Last year's meltdown at MF Global was the result of risky investment decisions made by CEO Jon Corzine, who sidelined critics and ignored warnings, US lawmakers said in a blistering report.
The report prepared by Republicans on the House Financial Services Committee lays blame for the disappearance of an estimated $1.2 billion from MF Global's accounts on Corzine, a former Democratic senator and New Jersey governor.
"Choices made by Jon Corzine during his tenure as chairman and CEO sealed MF Global's fate," the committee's chairman Randy Neugebauer said Wednesday.
"Corzine dramatically changed MF Global's business model without fully understanding the risks associated with such a radical transformation."
The conclusions were based on three hearings, more than 50 witness interviews and a review of more than 243,000 documents.
However, Democrats on the committee did not sign off on the report, set to be released Thursday, which could allow Corzine to brand it a partisan attack.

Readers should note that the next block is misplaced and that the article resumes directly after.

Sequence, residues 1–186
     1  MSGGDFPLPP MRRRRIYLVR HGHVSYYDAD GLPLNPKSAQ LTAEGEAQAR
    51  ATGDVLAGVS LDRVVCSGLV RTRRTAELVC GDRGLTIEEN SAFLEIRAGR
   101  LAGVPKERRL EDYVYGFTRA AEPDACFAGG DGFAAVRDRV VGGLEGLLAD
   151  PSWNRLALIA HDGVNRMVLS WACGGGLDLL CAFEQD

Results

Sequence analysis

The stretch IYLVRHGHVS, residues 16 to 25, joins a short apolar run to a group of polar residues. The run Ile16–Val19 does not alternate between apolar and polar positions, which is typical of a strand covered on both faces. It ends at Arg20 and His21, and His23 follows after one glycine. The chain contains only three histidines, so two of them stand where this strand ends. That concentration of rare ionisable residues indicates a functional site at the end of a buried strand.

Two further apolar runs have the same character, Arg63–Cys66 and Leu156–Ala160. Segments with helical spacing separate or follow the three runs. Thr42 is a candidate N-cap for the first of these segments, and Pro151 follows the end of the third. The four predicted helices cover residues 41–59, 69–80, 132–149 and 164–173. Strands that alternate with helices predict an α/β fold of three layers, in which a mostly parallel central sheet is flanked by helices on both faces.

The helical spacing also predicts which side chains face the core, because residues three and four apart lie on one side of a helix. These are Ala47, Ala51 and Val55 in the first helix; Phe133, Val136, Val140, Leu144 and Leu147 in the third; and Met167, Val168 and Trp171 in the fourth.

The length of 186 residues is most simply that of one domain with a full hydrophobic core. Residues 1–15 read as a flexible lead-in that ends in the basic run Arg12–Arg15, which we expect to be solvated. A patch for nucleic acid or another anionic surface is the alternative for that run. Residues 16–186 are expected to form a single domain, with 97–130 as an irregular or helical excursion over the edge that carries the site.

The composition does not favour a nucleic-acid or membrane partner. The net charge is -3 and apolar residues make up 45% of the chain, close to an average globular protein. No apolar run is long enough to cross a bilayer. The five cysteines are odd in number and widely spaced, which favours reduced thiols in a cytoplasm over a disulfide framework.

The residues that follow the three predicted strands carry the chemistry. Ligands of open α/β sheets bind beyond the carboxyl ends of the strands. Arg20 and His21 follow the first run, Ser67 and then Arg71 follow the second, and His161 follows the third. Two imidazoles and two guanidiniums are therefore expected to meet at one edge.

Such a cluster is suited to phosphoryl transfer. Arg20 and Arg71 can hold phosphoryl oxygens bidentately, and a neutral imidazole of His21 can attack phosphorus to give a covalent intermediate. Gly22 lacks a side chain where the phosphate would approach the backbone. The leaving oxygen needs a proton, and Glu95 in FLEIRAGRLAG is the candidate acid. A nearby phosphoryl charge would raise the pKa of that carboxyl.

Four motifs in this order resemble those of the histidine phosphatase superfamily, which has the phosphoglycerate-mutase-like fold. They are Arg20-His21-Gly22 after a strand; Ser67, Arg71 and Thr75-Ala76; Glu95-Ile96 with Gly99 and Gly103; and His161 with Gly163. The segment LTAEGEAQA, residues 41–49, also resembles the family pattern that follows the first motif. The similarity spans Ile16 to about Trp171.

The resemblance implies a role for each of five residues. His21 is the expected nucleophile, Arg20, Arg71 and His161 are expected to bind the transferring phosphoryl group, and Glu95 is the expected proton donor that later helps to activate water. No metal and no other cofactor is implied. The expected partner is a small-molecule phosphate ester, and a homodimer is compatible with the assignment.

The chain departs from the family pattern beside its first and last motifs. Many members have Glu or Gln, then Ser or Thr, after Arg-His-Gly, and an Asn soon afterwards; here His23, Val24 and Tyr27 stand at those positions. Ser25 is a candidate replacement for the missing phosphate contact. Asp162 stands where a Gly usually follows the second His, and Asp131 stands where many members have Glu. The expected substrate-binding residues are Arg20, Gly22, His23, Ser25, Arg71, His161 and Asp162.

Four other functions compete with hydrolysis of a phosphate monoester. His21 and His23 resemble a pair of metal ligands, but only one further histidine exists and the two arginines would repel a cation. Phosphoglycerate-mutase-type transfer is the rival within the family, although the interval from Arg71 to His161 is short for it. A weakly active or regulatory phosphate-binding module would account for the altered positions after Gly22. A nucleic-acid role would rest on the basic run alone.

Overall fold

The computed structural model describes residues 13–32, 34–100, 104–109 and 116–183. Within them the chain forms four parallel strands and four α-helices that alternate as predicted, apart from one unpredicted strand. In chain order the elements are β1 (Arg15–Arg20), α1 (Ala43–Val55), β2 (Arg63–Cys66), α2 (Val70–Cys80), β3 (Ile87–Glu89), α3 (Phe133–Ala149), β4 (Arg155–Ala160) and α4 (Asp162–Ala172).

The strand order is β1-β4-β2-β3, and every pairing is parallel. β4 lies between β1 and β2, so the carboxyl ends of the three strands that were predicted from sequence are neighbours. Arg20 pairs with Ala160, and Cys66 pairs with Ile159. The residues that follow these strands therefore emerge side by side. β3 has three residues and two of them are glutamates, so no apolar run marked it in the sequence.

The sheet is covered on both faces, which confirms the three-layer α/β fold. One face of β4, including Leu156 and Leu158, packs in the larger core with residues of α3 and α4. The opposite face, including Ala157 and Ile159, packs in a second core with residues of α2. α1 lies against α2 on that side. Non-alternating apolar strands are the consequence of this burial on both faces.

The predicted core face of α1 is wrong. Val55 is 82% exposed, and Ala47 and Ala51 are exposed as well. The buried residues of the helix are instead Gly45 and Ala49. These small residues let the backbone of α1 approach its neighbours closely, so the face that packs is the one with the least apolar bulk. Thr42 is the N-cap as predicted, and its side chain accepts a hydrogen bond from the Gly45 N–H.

The Republican lawmakers said Corzine had cultivated an "authoritarian atmosphere" at the firm, where "no one could challenge his decisions."
The report, excerpts of which were released Wednesday, said Corzine had acted as MF Global's "de facto chief trader" and isolated his investment activities from the company's normal risk management procedures.
The report said MF Global had invested heavily in European bonds without disclosing the full extent of its exposure until October 2011, when its announcement led to a credit downgrade that caused a "run on the bank."
The company filed for bankruptcy on October 31, 2011.
"The responsibility for failing to maintain the systems and controls necessary to protect customer funds rests with Corzine," the report said.
"This failure represents a dereliction of his duty as MF Global's chairman and CEO."
In December 2011, Corzine said he did not know what happened to the $1.2 billion that disappeared from his company's accounts after it made vast bets on European sovereign debt that soured when the eurozone crisis hit.